Peter Ostroushko: Shchedryk
Go back for a moment to Susan‘s excellent post on Carol of the Bells, read it again, and you’ll find the phrase, “ancient pagan Ukranian New Year’s chant”. If you have read any of my posts on British folk songs, you will know that this was a temptation I could not resist. That is why I am posting a song about a swallow, that has no bells, and is a song of spring. Let me explain.
As Susan mentioned, Carol of the Bells is indeed derived from an ancient song from what is now the Ukraine. The original song is called “Shchedryk”. The lyrics are completely different: they tell of a swallow who flies to a farmer’s house to bless him and his family with abundance for the new year. In the pagan tradition of the Ukraine, the year was believed to begin at the first sign of spring, which was the return of the swallows. “Shchedryk” would have been used as a ritual chant to note the occasion.
When the Christians arrived in this part of the world, they imposed their calendar on the people they converted. This was the Julian Calendar, which reckons the beginning of the year as what we now call January 13. And to this day, they still observe New Years on this day, and that is when they sing “Shchendryk”, still with its original lyrics. That poor swallow must be freezing!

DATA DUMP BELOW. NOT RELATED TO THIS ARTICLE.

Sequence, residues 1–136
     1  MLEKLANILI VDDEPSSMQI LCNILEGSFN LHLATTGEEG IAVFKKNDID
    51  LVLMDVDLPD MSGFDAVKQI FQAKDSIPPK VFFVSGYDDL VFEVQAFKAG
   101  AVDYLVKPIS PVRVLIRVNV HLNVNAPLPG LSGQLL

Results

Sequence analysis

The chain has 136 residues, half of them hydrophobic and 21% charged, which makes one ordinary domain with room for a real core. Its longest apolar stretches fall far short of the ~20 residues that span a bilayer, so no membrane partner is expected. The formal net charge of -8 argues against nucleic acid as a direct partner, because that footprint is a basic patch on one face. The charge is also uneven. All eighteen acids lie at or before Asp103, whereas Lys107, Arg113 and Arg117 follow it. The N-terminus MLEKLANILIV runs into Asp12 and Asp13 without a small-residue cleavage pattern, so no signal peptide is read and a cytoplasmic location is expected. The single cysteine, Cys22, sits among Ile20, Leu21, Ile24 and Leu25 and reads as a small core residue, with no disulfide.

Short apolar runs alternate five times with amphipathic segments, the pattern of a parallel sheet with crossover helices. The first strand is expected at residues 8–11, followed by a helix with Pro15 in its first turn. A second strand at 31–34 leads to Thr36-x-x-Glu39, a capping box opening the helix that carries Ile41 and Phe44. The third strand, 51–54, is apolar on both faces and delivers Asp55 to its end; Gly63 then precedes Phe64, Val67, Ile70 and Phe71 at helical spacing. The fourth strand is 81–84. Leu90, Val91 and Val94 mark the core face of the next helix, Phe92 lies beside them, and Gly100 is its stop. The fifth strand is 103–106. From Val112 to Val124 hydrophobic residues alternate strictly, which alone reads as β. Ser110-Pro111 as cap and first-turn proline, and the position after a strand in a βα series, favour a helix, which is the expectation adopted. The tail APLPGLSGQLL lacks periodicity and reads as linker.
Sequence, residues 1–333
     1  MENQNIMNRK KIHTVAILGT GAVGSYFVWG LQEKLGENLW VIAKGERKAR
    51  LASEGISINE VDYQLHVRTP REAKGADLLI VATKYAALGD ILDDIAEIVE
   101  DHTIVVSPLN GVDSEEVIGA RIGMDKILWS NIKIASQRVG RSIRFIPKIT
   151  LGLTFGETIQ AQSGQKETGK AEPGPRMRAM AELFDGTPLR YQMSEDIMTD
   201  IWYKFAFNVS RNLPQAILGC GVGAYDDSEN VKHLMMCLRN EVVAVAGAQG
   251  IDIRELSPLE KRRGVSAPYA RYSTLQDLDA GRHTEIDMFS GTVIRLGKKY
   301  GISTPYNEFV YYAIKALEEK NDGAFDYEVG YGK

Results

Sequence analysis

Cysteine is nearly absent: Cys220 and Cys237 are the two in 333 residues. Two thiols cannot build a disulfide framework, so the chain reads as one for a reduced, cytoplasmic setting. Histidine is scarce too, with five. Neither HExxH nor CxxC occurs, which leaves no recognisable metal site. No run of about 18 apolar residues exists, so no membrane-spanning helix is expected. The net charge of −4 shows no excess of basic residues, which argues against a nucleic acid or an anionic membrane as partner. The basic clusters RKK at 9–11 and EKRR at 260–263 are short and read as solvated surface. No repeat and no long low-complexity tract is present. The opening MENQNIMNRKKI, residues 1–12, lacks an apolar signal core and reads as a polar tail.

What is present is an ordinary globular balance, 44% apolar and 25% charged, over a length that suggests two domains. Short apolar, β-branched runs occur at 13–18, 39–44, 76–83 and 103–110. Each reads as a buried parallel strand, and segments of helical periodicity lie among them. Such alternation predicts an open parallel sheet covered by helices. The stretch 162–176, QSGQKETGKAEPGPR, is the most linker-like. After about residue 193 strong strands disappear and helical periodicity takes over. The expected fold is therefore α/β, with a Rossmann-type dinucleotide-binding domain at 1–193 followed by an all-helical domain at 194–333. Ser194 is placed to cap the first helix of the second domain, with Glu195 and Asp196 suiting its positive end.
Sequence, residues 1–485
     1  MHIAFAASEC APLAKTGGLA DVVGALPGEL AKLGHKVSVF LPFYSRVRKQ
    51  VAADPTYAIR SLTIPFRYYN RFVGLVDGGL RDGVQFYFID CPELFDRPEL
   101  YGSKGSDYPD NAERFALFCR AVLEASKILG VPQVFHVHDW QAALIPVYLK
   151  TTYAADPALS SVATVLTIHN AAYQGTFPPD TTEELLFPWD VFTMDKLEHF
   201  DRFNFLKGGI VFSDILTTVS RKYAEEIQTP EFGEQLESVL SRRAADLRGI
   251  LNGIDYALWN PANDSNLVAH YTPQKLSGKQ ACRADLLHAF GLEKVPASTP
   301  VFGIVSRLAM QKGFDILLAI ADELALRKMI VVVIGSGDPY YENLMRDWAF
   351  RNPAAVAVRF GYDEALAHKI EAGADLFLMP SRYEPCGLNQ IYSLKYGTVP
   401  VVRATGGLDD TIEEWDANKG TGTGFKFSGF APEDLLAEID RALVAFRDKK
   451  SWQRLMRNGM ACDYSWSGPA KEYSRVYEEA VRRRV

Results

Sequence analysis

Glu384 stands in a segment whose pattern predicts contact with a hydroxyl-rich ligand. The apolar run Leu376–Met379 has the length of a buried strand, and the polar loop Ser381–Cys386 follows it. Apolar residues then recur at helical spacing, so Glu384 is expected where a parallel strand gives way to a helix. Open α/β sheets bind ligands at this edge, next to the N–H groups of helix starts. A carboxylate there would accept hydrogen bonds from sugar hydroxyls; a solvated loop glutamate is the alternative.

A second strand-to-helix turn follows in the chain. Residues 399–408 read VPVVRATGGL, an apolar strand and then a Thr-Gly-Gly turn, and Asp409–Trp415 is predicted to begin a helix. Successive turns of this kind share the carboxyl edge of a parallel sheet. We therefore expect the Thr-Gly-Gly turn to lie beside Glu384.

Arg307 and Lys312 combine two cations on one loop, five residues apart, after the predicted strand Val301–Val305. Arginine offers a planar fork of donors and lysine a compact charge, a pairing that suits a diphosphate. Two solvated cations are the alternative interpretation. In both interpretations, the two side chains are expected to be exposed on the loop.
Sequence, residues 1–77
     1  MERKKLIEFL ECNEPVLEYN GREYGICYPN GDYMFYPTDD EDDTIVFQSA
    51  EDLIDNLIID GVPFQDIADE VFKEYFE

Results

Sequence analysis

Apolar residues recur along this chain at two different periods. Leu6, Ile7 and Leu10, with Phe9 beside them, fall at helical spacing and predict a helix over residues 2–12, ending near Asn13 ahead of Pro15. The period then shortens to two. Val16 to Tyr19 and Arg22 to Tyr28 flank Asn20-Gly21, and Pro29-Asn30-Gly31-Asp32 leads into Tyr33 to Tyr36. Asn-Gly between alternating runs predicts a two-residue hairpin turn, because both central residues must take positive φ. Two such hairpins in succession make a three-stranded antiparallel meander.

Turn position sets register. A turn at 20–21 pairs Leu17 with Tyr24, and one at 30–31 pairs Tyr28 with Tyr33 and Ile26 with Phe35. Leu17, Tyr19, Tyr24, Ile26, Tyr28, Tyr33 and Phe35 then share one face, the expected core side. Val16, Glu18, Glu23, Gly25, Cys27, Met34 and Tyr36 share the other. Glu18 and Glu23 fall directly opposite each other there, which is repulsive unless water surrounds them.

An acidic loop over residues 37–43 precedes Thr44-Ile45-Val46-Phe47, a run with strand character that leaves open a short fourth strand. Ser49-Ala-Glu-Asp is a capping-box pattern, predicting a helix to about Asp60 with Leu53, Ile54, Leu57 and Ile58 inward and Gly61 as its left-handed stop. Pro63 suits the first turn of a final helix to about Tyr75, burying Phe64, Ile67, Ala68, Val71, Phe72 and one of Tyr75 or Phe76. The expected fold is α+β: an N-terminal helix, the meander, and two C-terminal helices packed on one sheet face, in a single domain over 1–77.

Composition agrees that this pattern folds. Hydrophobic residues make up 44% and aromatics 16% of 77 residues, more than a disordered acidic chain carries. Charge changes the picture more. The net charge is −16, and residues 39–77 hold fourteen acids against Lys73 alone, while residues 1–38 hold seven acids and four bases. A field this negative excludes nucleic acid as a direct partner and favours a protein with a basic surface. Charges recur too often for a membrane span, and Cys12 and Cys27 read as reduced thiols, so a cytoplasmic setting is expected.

So, after learning all of this, the next step for me was to find a version of the song in the original Ukrainian. When I saw the name Peter Ostroushko, I knew my search was over. Ostroushko is a fine mandolin player who frequently appeared on The Prairie Home Companion from its earliest days on. His “Shchendryk” starts with a lovely a capella rendition, followed by a restatement of the theme on the mandolin. From there, we’re off on a wild ride which even makes a brief stop in Christmastown, before returning to the Ukraine by January 13.
This is all very well, but where are the bells? Well, Susan did invite me to present more versions of Carol of the Bells, so why not?
John Fahey: Carol of the Bells
When I want a straight reading of a Christmas song, I like a spare arrangement for a single instrument. Acoustic guitar will do nicely. But because of the rhythmic complexity of Carol of the Bells, it takes a master such as John Fahey to pull this off.
Sylvia Woods: Carol of the Bells
Sylvia Woods has been playing the harp for thirty years. She has appeared on the Prairie Home Companion, and played with the Chieftains, so why isn’t she better known? It’s hard to make a living as a harpist, so Woods also writes harp books, gives lessons, and operates a retail and mail-order harp business. I would imagine that all of this limits her ability to tour. Here, she solves the problem of rhythmic complexity by arranging Carol of the Bells for a harp trio.
Cover Me Q&A: What’s a cover song you hate, and why?
14 hours ago